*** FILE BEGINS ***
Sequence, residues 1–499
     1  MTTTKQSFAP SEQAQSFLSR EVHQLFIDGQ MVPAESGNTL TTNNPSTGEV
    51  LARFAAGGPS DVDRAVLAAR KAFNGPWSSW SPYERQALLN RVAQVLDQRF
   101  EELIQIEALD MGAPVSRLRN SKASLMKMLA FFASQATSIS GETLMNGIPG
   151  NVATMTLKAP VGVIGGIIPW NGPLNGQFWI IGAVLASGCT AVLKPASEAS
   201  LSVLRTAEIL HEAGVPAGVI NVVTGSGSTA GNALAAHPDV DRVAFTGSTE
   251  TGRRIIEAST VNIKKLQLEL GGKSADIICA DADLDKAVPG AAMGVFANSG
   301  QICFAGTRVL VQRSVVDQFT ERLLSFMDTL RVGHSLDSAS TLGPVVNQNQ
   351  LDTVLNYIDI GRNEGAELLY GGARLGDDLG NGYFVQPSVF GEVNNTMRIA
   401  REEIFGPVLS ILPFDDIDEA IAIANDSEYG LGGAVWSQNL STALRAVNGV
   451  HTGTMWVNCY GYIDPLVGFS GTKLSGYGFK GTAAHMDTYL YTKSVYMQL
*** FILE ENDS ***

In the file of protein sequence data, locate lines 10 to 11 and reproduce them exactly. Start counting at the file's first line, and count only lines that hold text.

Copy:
   401  REEIFGPVLS ILPFDDIDEA IAIANDSEYG LGGAVWSQNL STALRAVNGV
   451  HTGTMWVNCY GYIDPLVGFS GTKLSGYGFK GTAAHMDTYL YTKSVYMQL